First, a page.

…especially in Ho Chi Minh City.
As your cab crawls along from the airport to the city with a river of motorbikes rushing impatiently past on both sides, you’ll get the impression that this city has more motorbikes than any other mode of transport by far; and you’d be right. A glance out the rear window will reveal dozens, if not hundreds of them advancing towards your vehicle like a stampede, some with single riders but many with multiple passengers. (I’ve seen as many as 5 people on one bike).
When the lights turn red, the motorbikes swarm around the cab, pushing their way to the front only to rev their engines like Formula One cars at a Grand Prix, ready for the second the light changes to green. Then they’re off, sending smoke and fumes into the already polluted atmosphere. No wonder so many riders wear air filter masks.
Ho Chi Minh City has a population of approximately 7 million people and an estimated 4 million motorbikes, with about 1300 more being added every day. Where do they park these bikes you might ask? Anywhere there’s a gap large enough to fit a bike, is the answer. As often as not, that’s the footpath; the area one might imagine was designed for pedestrians. But no, pedestrians play second fiddle to these two-wheeled, indispensable necessities of life for the Vietnamese. They even block shop entrances, making it really difficult to enter.
The motorbikes carry everything and anything you can imagine. Not only do they transport the kids to school (seems like the whole family at the same time, on the same bike), but I’ve seen pigs, wreaths, balloons, flowers, fruit and vegetables, chickens, and even a broken bicycle.
The law says that only two may ride at the one time on a motorbike, and both must wear helmets. However, that law doesn’t apply to children. I guess a kid must be more hard-headed than their parents, or perhaps they bounce. Go figure! But regardless, not everyone pays too much attention to the law anyhow.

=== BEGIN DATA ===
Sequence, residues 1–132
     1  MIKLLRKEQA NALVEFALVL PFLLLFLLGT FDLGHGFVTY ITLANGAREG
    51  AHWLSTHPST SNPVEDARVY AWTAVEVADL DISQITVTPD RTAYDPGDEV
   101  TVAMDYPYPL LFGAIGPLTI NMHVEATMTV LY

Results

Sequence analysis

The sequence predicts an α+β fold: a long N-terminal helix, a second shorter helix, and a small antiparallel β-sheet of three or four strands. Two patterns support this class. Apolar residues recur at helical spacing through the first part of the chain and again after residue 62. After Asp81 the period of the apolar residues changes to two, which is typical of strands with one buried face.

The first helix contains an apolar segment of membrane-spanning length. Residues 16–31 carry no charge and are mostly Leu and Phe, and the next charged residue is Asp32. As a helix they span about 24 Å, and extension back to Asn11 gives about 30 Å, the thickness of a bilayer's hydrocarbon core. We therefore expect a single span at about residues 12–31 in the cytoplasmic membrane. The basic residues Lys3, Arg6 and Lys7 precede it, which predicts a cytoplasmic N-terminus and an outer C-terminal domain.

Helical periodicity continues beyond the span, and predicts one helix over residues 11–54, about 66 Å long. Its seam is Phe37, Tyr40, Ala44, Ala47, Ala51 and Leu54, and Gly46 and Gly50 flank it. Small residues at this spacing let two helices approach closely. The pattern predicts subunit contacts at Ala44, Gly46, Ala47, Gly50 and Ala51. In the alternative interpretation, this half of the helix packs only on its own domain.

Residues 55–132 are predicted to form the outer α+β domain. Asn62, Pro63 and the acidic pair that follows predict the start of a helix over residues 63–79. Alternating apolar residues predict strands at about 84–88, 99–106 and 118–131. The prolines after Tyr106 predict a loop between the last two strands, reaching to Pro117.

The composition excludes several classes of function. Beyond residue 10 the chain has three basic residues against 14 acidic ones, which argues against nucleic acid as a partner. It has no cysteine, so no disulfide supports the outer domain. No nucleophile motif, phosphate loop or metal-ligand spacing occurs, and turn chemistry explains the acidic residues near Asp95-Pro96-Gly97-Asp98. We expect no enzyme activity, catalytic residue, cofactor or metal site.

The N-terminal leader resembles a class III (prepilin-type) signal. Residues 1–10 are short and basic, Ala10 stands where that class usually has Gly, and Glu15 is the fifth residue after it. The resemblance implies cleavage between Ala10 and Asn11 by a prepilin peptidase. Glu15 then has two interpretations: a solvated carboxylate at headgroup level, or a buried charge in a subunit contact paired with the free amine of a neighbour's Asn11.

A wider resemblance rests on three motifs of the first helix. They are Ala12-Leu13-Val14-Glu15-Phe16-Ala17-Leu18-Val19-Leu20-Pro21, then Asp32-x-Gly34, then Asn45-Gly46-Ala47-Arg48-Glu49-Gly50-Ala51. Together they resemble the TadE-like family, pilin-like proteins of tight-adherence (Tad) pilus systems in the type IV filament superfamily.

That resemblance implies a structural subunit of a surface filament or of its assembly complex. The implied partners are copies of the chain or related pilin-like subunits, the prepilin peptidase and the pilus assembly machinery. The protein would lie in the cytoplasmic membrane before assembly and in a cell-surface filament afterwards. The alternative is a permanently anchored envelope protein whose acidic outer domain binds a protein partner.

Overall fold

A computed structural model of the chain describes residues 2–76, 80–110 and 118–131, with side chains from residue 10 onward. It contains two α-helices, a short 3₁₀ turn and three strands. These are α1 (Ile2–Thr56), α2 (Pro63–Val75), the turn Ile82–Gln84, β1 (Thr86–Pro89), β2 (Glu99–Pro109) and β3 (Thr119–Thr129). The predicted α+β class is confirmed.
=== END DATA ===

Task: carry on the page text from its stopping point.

How to Cross the Street (and avoid being killed)
Crossing the street is an education. At first it seems like suicide. Although there may be pedestrian crossings painted on some streets, they’re few and far between, and the bikes take no notice of them anyhow. I think they’re simply ornamental. No, you must take your life in your hands and walk across, even when there is no break in the steady stream of motorbikes (and sometimes other vehicles, like cars).
I watched to see how it was done. Then I’d stand near a local Vietnamese person and wait, stepping out when they did, and walking stride for stride with them as we crossed. That worked, and I soon had enough confidence to go it alone. The secret is to walk straight across, steadily, and DO NOT RUN. Likewise DO NOT STOP OR HESITATE. The bikes ride around you. They’re good. Very very good. They time it within a whisker. And the thing I noticed was that none of them look left, nor right. They always look straight ahead, every one of them.
And somehow, it works.